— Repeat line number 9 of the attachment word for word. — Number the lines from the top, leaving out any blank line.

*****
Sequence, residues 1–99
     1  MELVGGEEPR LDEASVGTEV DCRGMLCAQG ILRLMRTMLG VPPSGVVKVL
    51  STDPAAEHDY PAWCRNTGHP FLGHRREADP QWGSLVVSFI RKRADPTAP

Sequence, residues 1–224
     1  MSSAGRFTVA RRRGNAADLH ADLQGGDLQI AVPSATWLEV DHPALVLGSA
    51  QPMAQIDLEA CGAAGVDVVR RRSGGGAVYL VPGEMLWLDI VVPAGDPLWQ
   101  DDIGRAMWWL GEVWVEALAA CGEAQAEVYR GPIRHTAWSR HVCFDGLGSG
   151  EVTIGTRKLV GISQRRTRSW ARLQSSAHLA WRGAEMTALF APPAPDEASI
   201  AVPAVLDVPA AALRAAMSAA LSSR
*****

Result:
   201  AVPAVLDVPA AALRAAMSAA LSSR